Version control is a system that saves changes to a file or set off files over time so that you can recall specific versions later.
In other words, version control makes it easy for you to store different versions of your project in a particular point of time. You can also restore previous versions and compare different versions.
They are different types of version control systems but in this article, I will be focusing on Git.
By far, the most widely used modern version control system in the world today is Git. Git is a mature, actively maintained open source project originally developed in 2005 by Linus Torvalds, the famous creator of the Linux operating system kernel. A staggering number of software projects rely on Git for version control, including commercial projects as well as open source. Developers who have worked with Git are well represented in the pool of available software development talent and it works well on a wide range of operating systems and IDEs (Integrated Development Environments).
Collaboration: A lot of big software projects require the effort of more than one programmer. who might be working from different angles of an office space or even different geographical location. Without a VCS, you are probably going to be calling your colleague over phone or pinging him telling him that you are working on module â€˜XYZ’ ; and when you are done, you will probably zip and send your work(may be via email or another FTP).
- Office Collaboration With a VCS, everybody on the team is able to work absolutely freelyâ€Š–â€Šon any file at any time. The VCS will later allow you to merge all the changes into a common version.
- Storing versions properly: A version control system acknowledges that there is only one project. Therefore, there’s only the one version on your disk that you’re currently working on. Everything elseâ€Š–â€Šall the past versions and variantsâ€Š–â€Šare neatly packed up inside the VCS. When you need it, you can request any version at any time and you’ll have a snapshot of the complete project right at hand
- Restoring previous versions: Knowing that you can easily undo a changes on a project you are working on helps you to easily try out new ways implementation.
- Understanding what a particular project module does: When a project is well versioned with proper commit messages, it makes it easy for other team members or a new developer to pickup from where you stopped and progress or optimize the code with less hassle.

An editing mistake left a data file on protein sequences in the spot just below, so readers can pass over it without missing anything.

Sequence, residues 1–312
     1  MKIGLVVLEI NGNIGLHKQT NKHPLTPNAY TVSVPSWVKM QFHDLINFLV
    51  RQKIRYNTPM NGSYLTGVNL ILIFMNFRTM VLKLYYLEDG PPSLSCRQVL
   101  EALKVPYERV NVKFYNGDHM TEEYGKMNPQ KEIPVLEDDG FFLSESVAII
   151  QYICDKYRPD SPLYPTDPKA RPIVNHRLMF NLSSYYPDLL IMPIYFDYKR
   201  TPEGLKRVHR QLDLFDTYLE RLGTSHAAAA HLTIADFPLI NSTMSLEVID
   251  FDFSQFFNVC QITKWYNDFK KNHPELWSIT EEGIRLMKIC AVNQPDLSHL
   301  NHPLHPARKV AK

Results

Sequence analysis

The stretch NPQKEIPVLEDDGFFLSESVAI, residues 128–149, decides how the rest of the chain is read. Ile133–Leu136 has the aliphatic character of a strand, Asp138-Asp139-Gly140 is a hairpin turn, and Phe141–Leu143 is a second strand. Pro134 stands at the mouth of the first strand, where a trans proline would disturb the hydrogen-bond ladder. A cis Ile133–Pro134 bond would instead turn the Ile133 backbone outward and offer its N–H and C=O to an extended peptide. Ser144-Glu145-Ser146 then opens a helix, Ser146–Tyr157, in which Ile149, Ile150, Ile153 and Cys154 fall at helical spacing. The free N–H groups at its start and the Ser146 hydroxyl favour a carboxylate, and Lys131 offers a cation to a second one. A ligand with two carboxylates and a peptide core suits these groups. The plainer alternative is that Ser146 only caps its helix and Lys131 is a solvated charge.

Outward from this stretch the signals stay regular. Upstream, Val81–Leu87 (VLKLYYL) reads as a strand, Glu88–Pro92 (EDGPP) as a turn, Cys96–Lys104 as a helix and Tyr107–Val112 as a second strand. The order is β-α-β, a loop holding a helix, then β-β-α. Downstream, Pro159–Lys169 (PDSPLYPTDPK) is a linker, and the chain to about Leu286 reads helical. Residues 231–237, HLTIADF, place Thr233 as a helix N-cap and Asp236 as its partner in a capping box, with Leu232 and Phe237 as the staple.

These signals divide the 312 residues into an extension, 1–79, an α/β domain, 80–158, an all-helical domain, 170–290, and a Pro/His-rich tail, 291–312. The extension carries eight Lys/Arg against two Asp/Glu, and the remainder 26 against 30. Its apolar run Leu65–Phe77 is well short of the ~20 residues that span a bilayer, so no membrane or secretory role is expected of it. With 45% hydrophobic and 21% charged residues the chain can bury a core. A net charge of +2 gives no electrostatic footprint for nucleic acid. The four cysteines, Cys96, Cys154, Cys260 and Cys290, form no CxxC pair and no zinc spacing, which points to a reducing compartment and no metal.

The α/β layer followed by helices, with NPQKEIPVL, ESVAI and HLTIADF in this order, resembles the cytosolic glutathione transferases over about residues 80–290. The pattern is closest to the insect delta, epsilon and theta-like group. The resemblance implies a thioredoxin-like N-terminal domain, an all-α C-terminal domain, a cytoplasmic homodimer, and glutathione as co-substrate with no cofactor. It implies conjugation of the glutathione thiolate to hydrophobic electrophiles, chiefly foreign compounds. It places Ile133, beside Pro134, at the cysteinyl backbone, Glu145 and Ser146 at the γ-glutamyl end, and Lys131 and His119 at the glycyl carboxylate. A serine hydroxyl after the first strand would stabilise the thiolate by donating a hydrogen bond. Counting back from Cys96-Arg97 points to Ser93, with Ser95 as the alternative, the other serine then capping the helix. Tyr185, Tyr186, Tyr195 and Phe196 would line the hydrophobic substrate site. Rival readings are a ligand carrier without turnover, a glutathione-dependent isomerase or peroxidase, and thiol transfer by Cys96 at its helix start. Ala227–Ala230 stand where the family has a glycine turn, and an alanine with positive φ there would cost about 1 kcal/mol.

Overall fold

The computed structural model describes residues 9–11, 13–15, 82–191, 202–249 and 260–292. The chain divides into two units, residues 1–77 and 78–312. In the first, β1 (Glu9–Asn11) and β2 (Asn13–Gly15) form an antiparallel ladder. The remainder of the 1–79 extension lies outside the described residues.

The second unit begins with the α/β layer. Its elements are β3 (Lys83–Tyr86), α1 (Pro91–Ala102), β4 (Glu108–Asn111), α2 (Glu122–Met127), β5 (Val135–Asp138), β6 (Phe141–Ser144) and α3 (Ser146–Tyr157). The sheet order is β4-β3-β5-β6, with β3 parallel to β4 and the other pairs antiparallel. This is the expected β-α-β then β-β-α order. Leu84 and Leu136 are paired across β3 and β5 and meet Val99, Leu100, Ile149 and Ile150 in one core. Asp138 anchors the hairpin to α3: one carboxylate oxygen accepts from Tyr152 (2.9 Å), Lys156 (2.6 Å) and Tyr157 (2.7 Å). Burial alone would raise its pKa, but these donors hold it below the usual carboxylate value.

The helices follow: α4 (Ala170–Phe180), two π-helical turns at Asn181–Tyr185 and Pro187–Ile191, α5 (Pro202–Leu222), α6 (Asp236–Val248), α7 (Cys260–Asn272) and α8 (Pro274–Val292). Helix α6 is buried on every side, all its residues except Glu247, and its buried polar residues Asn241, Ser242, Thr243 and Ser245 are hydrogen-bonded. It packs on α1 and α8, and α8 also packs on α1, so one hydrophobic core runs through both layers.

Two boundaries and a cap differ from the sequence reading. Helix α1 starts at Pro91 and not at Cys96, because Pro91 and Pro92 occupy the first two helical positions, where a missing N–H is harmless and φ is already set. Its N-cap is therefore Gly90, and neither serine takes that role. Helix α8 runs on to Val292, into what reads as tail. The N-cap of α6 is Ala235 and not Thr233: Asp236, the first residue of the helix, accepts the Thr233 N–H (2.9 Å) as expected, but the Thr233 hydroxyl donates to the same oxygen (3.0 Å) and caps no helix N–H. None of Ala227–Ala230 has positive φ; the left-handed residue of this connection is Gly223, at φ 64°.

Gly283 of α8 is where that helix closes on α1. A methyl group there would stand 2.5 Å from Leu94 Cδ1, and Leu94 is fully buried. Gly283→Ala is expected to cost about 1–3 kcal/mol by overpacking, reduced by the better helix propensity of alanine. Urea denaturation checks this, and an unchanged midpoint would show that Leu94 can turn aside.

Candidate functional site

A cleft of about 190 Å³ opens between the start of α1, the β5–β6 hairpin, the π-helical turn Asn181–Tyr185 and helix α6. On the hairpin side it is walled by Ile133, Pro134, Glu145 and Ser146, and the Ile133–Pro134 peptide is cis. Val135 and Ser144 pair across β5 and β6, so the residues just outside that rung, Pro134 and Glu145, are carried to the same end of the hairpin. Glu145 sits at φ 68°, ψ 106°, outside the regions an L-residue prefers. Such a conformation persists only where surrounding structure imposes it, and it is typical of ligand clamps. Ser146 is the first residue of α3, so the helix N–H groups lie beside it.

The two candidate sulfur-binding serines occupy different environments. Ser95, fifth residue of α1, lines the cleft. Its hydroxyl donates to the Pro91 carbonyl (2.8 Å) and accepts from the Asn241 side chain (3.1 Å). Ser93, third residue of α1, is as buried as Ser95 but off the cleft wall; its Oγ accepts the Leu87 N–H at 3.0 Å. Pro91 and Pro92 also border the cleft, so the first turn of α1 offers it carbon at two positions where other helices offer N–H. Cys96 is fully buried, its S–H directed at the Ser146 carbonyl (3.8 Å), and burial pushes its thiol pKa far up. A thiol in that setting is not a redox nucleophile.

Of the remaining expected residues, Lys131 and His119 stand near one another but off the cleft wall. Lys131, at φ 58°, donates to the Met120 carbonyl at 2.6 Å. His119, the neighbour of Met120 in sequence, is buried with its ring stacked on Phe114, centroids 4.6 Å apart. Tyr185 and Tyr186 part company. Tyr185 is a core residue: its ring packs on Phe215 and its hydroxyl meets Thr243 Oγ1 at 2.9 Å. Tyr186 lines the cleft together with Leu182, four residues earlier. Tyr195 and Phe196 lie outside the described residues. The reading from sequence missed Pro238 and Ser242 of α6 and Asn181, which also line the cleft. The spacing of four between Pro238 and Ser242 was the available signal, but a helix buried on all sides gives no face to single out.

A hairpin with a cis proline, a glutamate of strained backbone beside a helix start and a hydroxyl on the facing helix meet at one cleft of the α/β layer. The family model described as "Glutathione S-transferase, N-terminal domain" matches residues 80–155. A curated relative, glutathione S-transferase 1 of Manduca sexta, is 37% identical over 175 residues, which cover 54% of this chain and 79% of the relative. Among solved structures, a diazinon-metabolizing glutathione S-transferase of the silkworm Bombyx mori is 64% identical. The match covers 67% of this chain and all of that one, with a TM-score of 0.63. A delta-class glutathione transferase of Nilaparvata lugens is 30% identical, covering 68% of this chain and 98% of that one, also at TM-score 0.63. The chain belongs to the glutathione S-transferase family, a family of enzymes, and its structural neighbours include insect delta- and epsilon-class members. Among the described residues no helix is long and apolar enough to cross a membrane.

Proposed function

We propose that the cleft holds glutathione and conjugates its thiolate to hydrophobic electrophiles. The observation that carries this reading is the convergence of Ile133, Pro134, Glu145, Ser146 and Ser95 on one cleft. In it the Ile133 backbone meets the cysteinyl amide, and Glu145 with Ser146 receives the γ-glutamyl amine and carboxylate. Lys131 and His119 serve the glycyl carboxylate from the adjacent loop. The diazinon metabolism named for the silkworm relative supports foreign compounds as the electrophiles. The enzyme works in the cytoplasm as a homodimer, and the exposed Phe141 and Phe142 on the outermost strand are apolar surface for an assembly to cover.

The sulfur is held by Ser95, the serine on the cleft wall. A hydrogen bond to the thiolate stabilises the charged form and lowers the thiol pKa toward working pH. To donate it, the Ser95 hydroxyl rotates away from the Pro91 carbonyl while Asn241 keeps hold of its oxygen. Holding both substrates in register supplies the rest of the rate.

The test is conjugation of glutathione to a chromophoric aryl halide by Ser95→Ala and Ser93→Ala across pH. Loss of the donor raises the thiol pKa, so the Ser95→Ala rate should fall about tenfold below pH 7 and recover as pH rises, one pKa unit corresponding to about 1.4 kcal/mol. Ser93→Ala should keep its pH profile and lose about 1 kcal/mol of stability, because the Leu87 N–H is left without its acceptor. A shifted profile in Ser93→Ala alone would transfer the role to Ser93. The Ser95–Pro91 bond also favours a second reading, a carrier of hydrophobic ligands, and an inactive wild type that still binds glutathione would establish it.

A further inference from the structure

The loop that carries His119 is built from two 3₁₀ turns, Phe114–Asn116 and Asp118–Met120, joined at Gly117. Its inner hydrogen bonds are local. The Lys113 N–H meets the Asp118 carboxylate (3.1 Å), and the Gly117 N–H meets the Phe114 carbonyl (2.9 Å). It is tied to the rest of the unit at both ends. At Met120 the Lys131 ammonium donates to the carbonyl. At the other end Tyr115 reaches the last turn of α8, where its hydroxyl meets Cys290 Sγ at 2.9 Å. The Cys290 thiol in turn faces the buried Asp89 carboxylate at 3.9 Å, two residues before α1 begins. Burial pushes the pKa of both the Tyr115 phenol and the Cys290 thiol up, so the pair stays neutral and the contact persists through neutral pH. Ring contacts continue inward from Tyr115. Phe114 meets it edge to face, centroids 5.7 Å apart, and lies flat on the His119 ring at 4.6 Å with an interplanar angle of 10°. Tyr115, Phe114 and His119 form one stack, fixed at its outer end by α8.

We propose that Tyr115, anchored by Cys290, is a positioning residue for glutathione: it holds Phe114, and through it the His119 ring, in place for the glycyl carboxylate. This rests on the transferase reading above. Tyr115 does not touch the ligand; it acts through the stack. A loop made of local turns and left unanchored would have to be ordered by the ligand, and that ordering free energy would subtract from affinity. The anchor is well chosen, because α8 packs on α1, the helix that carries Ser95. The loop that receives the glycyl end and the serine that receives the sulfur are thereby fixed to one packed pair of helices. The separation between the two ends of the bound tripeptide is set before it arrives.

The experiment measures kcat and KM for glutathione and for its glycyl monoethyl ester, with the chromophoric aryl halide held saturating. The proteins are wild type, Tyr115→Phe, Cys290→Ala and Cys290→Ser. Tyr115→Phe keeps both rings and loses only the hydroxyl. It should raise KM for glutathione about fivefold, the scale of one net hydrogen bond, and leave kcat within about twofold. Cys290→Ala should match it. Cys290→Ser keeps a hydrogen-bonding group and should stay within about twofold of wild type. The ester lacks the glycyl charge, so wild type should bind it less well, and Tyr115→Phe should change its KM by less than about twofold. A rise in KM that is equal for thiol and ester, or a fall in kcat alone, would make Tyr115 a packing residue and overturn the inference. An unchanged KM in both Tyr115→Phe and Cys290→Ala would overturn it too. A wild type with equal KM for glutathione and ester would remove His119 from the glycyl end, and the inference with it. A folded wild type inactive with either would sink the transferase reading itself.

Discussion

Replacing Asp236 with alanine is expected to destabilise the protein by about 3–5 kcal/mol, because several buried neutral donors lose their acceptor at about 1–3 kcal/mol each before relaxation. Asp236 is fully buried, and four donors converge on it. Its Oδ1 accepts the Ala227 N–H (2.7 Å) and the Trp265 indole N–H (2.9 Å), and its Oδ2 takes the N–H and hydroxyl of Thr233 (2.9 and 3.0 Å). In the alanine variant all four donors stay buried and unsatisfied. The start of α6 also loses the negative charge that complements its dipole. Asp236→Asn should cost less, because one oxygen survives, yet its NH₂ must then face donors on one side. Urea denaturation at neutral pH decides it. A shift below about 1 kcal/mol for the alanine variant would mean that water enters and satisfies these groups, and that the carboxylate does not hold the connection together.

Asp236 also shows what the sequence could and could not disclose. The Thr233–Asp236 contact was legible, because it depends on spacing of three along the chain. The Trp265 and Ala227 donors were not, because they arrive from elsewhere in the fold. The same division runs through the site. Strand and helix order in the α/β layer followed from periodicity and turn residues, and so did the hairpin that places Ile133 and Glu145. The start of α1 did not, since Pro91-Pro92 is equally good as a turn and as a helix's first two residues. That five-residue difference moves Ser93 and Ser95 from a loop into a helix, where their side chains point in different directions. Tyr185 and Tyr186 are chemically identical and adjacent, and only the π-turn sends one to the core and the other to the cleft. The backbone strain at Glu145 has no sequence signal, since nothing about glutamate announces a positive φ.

Clone: This simply, means to download.
Repository(Repo in short): A repository is just a project folder.
Fork: This simply means to copy from the original repository to your own github, bitbucket, gitlab or whatever account.
Pull: This means to download latest changes from a repo.
Push: means upload your local changes.
Branch: see it like a copy of your original code but with a particular distinction.
Master branch: this is usually the main branch of every projects. Most company keep their production code on the master branch
git clone .git : This used to clone a repository
git branch: Used to know the particular branch you are currently working on
git status: The status of the repo
git add: used to add an untracked file to git.
git commit -m” : used to save a particular work done locally on git. When a file has been committed, it is ready to be pushed. You cannot commit when you have not added a file
git push: Used to upload changes local changes to a remote repo. You cannot push a file when you have not committed
git log: view history
git pull: used to download updates from a remote repository
git branch : create a new branch
git checkout : Move to another branch
git merge : merges the specified branch to the branch which you are currently at.
git branch -d : Deletes a branch
git push originâ€Š–â€Šdelete : Push the change of deleting a branch to github
git help : Documentation of the git tag
Note that git learning curve is a gradual process just like typing. You don’t become a git pro in a day.
I hope you will now start using Git for your projects if you have not been using it before now.
Thanks for reading :)
To dive deeper into git, you can visit their online documentation at: https://git-scm.com/book/en/v2
You can reach out to me on Twitter via the handle: @ilocalistus